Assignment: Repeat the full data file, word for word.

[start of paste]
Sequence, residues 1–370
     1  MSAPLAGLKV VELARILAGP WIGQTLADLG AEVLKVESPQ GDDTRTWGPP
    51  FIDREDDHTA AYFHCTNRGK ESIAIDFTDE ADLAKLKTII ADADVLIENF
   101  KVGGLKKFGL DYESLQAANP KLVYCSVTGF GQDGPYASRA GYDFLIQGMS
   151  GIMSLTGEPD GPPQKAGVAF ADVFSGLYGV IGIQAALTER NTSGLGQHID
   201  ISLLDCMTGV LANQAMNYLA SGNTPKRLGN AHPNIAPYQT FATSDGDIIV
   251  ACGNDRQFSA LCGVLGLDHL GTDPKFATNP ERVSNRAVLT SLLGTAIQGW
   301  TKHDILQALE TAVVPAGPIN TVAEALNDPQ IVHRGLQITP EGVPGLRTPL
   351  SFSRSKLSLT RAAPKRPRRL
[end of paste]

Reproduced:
Sequence, residues 1–370
     1  MSAPLAGLKV VELARILAGP WIGQTLADLG AEVLKVESPQ GDDTRTWGPP
    51  FIDREDDHTA AYFHCTNRGK ESIAIDFTDE ADLAKLKTII ADADVLIENF
   101  KVGGLKKFGL DYESLQAANP KLVYCSVTGF GQDGPYASRA GYDFLIQGMS
   151  GIMSLTGEPD GPPQKAGVAF ADVFSGLYGV IGIQAALTER NTSGLGQHID
   201  ISLLDCMTGV LANQAMNYLA SGNTPKRLGN AHPNIAPYQT FATSDGDIIV
   251  ACGNDRQFSA LCGVLGLDHL GTDPKFATNP ERVSNRAVLT SLLGTAIQGW
   301  TKHDILQALE TAVVPAGPIN TVAEALNDPQ IVHRGLQITP EGVPGLRTPL
   351  SFSRSKLSLT RAAPKRPRRL